A poll of 400 Republican primary voters revealed that 51% of them believe that Obama was not born in the United States. 28% believe that he was born in the United States while 21% were unsure of his place of birth.
This is hardly surprising. First, the birther movement has been quite active in pushing this idea and it has also gotten support (if only via innuendo) from Republican leaders. Second, Obama is disliked (or even hated) by most Republicans and people are inclined to believe negative claims about people they dislike-even when actual evidence is lacking. Third, Obama’ “exotic” background (non-American father, time spent outside of America and so on) help create the impression that he is not a proper American. Fourth, some folks on the left (such as the fine folks at MSNBC) have been harping on the birther movement and their attacks might, ironically, serve to encourage people to accept it as correct-or at least to feel sympathy in response to their dislike of these left leaning folks.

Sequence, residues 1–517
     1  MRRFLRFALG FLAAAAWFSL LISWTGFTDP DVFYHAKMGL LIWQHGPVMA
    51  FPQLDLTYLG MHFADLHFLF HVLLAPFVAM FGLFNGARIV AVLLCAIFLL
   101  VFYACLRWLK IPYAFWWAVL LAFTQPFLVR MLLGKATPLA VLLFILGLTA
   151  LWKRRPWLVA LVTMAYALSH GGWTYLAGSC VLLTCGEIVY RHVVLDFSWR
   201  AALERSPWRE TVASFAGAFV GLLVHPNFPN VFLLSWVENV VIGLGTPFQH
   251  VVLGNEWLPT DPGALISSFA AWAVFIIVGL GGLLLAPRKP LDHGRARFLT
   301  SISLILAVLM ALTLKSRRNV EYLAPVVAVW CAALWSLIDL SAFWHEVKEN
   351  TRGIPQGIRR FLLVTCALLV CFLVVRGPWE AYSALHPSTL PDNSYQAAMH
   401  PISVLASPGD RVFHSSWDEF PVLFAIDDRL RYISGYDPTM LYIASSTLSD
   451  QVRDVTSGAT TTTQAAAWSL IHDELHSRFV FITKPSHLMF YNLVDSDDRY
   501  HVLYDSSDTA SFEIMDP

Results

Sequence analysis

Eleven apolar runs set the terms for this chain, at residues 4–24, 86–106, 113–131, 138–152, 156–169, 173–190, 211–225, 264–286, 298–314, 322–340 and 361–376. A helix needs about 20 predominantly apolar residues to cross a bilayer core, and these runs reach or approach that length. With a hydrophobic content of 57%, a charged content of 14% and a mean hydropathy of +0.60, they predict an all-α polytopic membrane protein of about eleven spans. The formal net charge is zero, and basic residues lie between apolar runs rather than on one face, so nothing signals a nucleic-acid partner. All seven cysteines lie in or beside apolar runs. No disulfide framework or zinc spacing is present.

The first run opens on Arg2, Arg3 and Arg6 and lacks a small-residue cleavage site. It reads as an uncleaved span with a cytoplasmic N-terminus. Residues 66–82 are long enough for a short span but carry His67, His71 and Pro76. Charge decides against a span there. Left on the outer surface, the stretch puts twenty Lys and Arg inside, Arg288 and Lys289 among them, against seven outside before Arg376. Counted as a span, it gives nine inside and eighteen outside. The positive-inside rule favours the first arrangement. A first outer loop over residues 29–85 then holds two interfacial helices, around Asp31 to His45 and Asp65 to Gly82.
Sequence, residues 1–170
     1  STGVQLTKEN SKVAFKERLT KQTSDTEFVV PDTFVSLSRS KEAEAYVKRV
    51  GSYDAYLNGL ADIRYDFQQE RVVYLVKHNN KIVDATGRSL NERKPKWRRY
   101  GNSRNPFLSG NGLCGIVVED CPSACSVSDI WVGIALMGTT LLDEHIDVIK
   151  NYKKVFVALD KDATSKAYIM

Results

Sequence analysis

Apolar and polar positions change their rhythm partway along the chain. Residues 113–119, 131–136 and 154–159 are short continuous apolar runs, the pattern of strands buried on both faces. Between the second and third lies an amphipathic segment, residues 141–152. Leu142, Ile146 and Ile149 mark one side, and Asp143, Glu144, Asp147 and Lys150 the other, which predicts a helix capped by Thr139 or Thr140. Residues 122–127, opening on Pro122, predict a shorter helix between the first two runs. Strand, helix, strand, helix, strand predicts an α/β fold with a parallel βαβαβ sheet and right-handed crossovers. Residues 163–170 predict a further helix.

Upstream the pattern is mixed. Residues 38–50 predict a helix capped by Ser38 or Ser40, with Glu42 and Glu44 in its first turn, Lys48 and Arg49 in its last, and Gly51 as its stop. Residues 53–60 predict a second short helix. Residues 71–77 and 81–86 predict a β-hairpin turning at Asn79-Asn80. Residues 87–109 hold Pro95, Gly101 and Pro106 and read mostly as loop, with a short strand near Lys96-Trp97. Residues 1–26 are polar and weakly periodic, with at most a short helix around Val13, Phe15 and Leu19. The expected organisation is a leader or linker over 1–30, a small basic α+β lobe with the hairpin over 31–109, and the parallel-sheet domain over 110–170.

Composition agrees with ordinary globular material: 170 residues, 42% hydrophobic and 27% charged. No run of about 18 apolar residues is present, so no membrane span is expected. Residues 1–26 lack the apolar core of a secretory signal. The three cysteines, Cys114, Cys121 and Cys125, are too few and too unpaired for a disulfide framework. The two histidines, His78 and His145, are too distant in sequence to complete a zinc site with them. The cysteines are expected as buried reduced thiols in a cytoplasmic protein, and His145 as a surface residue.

While I am well aware that most people are poor at critical thinking and reasoning, the fact that 51% of those surveyed hold a belief that has been shown to be false beyond all reasonable doubt and that only 28% believe in a claim that has been established as true beyond a reasonable doubt worries me. After all, this would seem to indicate that these people base their beliefs on something other than evidence and reason and this bodes ill in regards to their ability to assess the candidates they will be voting for and against.
Of course, it is well worth considering that some or even many of the people surveyed gave the response they did based not on their actual belief but based on their dislike for Obama. If so, this would not be a case of people simply denying facts and holding to a delusion. Rather, it would be an indirect way of expressing their dislike of the man. This does have a certain plausibility and is worth considering when pondering the implications of the survey.